Initial Jobless Claims fell to 204,000, which is another 50 year record. When you take into account population growth, the number becomes even more dramatic:

Hurricane Florence has been downgraded to a Category 2 hurricane, but it is still expected to pack a wallop and dump a lot of rain. The hurricane is expected to dump 20-30 inches of rain over the area, which means flooding issues well inland. Servicers should expect to see an uptick in DQs going into the end of the year. Note that fewer households have flood insurance this time around. “Residents of these states are materially less prepared than they were in the past to deal with the financial consequences associated with major flooding events,” said Robert Hartwig, a risk-management and insurance professor at the University of South Carolina’s Darla Moore School of Business.

Ex-US Treasury Secretary Jack Lew is getting into the mortgage business, joining the advisory board of Blend, which is a consumer finance start-up that handles online mortgage applications for the GSEs and some of the larger banks.

Doug Kass made the great observation about the business media and the 10th anniversary of the financial crisis, recalling Mickey Mantle’s observation: “I didn’t know how easy the game of baseball was until I entered the broadcasting booth.”

HUD Secretary Ben Carson plans on doing more to remove zoning impediments to multifamily construction, though his approach will be different than the Obama Adminstration’s. He plans on using Community Development Block Grant funds to encourage changes in zoning. The Obama admin sued localities directly, with the most prominent case being Westchester County in New York. Westchester County ended up being able to fend off HUD for the most part, which kind of shows the futility of that exercise. Westchester should have been a lay-up. Separately, the House is looking at regulatory costs and multifamily construction, which supposedly account for 30% of the cost of multi fam homebuilding according to NAHB.

Morning Report: Wholesale inflation remains in check 9/12/18

Vital Statistics:

Last Change
S&P futures 2888.5 -0.25
Eurostoxx index 376.66 1.28
Oil (WTI) 70.21 0.93
10 year government bond yield 2.97%
30 year fixed rate mortgage 4.64%

Stocks are flat this morning as the East Coast braces for Hurricane Florence. Bonds and MBS are flat.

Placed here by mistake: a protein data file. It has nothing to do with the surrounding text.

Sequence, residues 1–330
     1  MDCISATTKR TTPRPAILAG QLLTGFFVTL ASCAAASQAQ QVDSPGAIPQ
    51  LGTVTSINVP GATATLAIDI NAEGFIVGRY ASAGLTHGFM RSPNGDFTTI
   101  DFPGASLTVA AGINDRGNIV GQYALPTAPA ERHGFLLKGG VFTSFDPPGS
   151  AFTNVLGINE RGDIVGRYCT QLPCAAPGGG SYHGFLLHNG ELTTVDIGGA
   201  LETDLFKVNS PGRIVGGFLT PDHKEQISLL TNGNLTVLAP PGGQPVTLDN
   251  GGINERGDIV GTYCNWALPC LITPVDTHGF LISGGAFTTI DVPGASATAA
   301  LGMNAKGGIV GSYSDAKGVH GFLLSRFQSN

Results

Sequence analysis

Mortgage Applications fell 1.8% during the Labor Day week as purchases increased 1% and refis fell 6%. The refi index is now at an 18 year low. We saw a 5 basis point increase in rates, which drove the drop in refis. As rates rise, cash-outs, fixed-for-ARM, and FHA for conventional are about the only game in town.

Despite tariffs and increases in raw materials prices inflation at the wholesale level remains under control. The producer price index fell 0.1% last month but rose 2.8% on an annualized basis. Ex-food and energy, the number was down 0.1% MOM and up 2.3% YOY. So, despite the increase in wages we saw in the jobs report, inflation overall remains subdued.

Yesterday’s JOLTs report showed the quits rate (which is considered a leading indicator for wage inflation) hit the highest level since early 2001. Construction job openings increased to set another post-bubble high. Hurricane Florence will only exacerbate the labor shortage as workers get drawn into repair jobs. This probably means disappointing housing starts numbers for the rest of the year.

Below is a chart which shows that average hourly earnings and the quits rate tend to correlate pretty closely.

Here are some things that homeowners in the path of Florence can do in order to prepare for impact. Note that the hurricane is expected to stall out once hit hits land, so you should expect some flooding inland. Servicers should prepare for an uptick in delinquencies.

Redfin has a good retrospective on the top lasting impacts from the financial crisis. Probably the biggest surprise was that a leftist president presided over a huge jump in inequality. Given that Fed policy in the aftermath of the crisis was aimed at supporting asset prices, this shouldn’t be a surprise. The other big surprise was the complete drop off in housing construction despite a tight housing market. 10 years down the road, it is still a head-scratcher. Everyone has a theory about the driver, from gun-shy builders, to labor shortages, to zoning restrictions. The places where the demand is greatest (CA and Seattle) have tight restrictions on building, and such an expensive market that businesses are relocating somewhere cheaper. On the other side of the coin, the Rust Belt is growing again, and that area has a surfeit of housing already built.